Published in Network

European telcos call for an end to net neutrality

by on03 October 2023

Big Tech must share their profits with us

Europe's biggest telecom companies have called on the EU to force Big Tech to pay a "fair" contribution for using their networks, in a move which would end net neutrality.

Chief executives of 20 groups including BT, Deutsche Telekom and Telefonica have signed an open letter to Brussels saying that technology companies that "benefit most" from telecoms infrastructure and drive traffic growth should contribute more to costs.

The letter will be sent to the European Commission and members of the European Parliament.

"Future investments are under serious pressure and regulatory action is needed to secure them," they warned. "A fair and proportionate contribution from the largest traffic generators towards the costs of network infrastructure should form the basis of a new approach."

They added that regulators need to take action to help secure future investment, with telecoms groups having to spend billions to support the rollout of 5G and upgrade to full-fibre networks.

Signatories included Timotheus Hottges at Deutsche Telekom, Christel Heydemann at Orange, Jose Mara Alvarez-Pallete at Telefonica and Pietro Labriola at Telecom Italia. It was supported by outgoing BT chief executive Philip Jansen, his successor Allison Kirkby, who is chief executive at Telia, as well as Vodafone's chief executive Margherita Della Valle.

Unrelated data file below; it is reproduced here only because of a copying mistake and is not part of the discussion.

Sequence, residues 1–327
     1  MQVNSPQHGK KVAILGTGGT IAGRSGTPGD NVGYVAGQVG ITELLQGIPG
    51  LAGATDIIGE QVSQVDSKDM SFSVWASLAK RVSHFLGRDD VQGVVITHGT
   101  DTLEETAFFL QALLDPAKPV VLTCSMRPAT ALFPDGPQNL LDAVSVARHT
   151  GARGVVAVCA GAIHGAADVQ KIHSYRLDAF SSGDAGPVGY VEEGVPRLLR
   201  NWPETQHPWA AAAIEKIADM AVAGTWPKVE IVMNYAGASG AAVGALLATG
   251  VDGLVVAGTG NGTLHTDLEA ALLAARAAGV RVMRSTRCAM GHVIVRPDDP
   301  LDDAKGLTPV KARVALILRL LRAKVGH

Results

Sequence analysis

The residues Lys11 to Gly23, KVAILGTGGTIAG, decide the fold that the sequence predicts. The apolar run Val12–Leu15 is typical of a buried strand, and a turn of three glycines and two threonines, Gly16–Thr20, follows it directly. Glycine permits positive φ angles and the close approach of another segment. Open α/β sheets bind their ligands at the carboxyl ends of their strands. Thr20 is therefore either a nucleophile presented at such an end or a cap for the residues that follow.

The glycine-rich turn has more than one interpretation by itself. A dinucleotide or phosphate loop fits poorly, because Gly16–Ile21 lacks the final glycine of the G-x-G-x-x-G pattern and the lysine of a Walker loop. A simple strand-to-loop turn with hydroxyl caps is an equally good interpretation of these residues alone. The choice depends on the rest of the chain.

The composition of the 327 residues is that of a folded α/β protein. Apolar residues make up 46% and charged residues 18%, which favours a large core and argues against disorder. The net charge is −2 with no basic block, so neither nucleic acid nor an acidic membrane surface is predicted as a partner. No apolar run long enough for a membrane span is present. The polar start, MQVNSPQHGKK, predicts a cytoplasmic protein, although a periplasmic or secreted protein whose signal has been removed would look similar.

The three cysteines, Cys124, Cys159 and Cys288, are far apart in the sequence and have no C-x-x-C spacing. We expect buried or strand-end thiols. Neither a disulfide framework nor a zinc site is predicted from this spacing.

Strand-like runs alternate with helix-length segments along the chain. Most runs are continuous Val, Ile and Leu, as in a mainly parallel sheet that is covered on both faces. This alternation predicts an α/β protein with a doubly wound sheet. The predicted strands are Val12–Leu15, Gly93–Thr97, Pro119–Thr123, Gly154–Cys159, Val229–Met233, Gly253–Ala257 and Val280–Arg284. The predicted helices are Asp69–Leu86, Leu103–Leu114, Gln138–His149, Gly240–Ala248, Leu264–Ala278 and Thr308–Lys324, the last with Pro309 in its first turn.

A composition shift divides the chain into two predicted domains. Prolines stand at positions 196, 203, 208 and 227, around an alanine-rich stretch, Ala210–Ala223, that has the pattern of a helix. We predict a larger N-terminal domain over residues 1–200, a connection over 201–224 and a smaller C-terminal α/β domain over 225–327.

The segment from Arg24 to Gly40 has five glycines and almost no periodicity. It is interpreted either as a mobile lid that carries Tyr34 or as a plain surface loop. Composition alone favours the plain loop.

They suggested that a payment mechanism might only make demands on "the very largest traffic generators" with a focus on "accountability and transparency on that operators invest directly into Europe's digital infrastructure."

Of course, what this means is the development of a two-tiered internet where bigger tech companies have to pay more for their connection to the Telcos. Big Tech companies will pass the increased cost onto ordinary people. The only people who will profit more are the telcos and ordinary people will have to pay twice.

The argument was tried in the US where the Telcos have a monopoly and the ability to buy politicians. The EU coms market is far more competitive and buying politicians frowned on.

Last modified on 03 October 2023
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